Financial Services Highlights from the President’s FY2015 Budget

Financial services highlights from the president’s recently released official budget proposal include additional revenue, wind down of an unpopular crisis measure, and additional spending on regulatory agencies.

While Speaker Boehner quickly pounced on the president’s budget, calling it “his most irresponsible budget yet,” the portion of the proposal focused on the Treasury Department and financial regulatory agencies was fairly modest relative to recent discussions and preceding budgets. In all, the Treasury Department sees about a $53 billion reduction due to IRS and (perhaps overly optimistic) tax collection measures. The SEC and CFTC on the other hand are given 26 and 30 percent increases over the prior year’s budget, respectively, in order to “to fully execute their responsibilities for financial oversight under the Wall Street Reform Act.” Plagued by exits of many longtime staffers, the specter of scandals over the past few years, and a new SEC chair who has promised enhanced enforcement and prosecutions of Wall Street wrongdoers, this additional funding is presumably meant to boost these two agencies that have had trouble meeting regulatory deadlines and have been caught somewhat flat-footed by industry whistleblowers.

The budget’s policy summary explicitly expresses “full support [of] the Financial Stability Oversight Council and Treasury’s Office of Financial Research to identify, monitor, and respond to emerging threats to U.S financial security.” This should come as no surprise: as the FSOC becomes a fully realized oversight body (with the Office of Financial Research acting as its data-crunching research arm) and continues to flex its muscle by designating an increasing number and variety of financial institutions for enhanced supervision, it will increasingly desire additional resources to match its growing scope. FSOC and OFR receive a five and a nearly 10 percent increase, respectively.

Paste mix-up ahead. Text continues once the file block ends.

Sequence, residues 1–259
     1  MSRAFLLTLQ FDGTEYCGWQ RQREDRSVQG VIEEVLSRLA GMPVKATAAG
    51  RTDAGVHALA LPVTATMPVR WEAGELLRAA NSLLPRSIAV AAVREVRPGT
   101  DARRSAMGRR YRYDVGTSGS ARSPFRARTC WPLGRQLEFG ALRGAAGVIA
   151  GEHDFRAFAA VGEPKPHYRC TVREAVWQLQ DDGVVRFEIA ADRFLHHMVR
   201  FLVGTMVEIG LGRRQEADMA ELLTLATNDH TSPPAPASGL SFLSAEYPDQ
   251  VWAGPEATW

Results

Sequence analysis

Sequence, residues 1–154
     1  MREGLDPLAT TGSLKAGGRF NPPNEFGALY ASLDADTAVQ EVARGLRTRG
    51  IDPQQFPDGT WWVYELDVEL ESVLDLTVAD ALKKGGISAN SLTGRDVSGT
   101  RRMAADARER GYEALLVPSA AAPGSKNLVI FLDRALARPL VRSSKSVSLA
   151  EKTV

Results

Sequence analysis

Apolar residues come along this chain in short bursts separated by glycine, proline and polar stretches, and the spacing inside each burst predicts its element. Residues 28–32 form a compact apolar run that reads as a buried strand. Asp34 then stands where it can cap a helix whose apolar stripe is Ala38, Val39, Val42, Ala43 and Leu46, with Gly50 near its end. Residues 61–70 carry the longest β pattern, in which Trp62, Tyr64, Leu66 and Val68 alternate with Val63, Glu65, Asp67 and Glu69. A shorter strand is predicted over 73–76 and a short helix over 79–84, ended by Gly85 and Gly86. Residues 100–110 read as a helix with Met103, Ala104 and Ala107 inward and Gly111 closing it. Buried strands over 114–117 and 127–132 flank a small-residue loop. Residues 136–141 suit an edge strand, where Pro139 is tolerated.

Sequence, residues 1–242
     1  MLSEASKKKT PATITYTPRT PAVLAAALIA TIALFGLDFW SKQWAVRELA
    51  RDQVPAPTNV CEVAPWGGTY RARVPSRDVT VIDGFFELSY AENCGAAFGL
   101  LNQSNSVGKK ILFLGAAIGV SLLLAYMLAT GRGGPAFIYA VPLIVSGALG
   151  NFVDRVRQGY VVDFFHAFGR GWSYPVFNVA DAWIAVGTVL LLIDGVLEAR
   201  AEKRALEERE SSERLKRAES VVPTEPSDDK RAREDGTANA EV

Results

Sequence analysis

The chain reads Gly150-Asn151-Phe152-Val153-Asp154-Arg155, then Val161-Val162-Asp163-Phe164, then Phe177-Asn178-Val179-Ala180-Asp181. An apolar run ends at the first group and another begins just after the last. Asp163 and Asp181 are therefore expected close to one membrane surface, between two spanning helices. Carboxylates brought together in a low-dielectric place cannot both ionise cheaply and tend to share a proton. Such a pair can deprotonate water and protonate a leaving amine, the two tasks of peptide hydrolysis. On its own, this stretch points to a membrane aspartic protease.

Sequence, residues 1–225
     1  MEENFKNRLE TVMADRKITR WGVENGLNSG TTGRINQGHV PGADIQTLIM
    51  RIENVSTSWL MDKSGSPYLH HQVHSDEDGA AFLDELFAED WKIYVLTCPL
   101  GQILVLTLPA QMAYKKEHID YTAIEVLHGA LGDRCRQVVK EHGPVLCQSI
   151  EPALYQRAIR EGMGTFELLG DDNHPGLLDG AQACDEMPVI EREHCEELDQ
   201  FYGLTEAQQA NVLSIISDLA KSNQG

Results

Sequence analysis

No doubt the item which will receive the most attention by Wall Street tax watchers, the proposal also includes a controversial “financial crisis responsibility fee” to be assessed on the largest banks as a way to compensate for prior and possibly future bailouts (though it would have the perverse effect of inextricably tying the largest banks to the government and possibly exacerbating bailout expectations). The administration predicts revenues of $56 billion over 10 years ($3 billion in the first year), and though this new levy is a nonstarter, it is interestingly $30 billion less than a similar measure in the tax reform proposal released last week by House Ways and Means Chairman Dave Camp.

The budget also predicts the final wind down and disposition of the Troubled Assets Relief Program (TARP) by FY 2016, which it notes has generated a net return, and still has approximately three percent of funds outstanding (excluding homeowner assistance).

Finally, the administration expects $88 billion in payments from the Federal Reserve. The Federal Reserve, which buys and sells various financial assets pursuant to its monetary policy and macroprudential purview, keeps operational costs and distributes any excess funds as a distribution to the Treasury Department. This $88 billion similar to prior years' disbursements which were $76 billion in FY13 and (expected) $90 billion in FY14. Owing to the extraordinary scale of Treasuries purchases as part of its quantitative easing programs, the Federal Reserve has been fairly awash in the bond portfolio's revenue stream, though signals from the Fed indicate the rate of purchases will decelerate in coming quarters, which means declining Fed deposits to Treasury. The assumptions in the budget conform to this expectation by predicting increasing 10-year Treasury yields for the entire budget window.